Suction Lift Definition

What is a Suction Lift Pump Configuration?

In a suction lift configuration a centrifugal pump takes suction from a source of liquid located below the pump centerline.

All centrifugal pumps must be primed prior to operation. They cannot be run dry. However, once a pump and the suction piping leading to the pump are primed in many cases it is possible for the pump to lift liquid from a point below the pump as it operates. A pump layout in which the source of liquid is below the pump is called a suction lift configuration.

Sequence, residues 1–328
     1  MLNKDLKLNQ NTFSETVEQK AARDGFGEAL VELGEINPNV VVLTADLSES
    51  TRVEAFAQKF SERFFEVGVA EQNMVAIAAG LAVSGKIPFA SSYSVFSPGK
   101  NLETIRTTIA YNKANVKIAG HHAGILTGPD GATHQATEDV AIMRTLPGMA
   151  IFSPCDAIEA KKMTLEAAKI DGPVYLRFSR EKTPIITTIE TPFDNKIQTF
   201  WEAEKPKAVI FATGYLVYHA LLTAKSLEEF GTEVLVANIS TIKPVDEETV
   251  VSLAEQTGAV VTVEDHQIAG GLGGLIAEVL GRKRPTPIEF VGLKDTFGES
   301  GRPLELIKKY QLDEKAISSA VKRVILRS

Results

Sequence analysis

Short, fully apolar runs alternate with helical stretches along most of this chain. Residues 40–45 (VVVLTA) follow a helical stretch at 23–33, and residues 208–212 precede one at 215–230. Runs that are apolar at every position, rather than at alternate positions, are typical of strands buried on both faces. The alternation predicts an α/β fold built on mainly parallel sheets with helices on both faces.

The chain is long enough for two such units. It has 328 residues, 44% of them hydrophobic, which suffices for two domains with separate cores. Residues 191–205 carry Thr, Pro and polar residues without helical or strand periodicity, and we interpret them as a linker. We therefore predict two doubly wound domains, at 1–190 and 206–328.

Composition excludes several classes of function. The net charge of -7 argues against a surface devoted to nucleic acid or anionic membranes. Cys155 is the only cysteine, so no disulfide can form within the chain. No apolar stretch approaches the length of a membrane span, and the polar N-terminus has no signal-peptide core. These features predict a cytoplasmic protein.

Self-priming pumps are commonly used in suction-lift configurations. Self-priming pumps are designed with a large reservoir that remains full even when the pump is not in operation. When the pump begins to operate, air is drawn out of the suction piping and pushed out of the discharge. Once all air has been drawn out of the suction piping the pump begins to produce flow. It’s important to note that even self-priming pumps cannot run dry but must have their casing filled with water prior to operation.

Standard centrifugal pumps can also be applied in a suction lift configuration, but in order to do so, a priming mechanism must be used to evacuate air out of the suction piping and pump casing prior to energizing the pumps.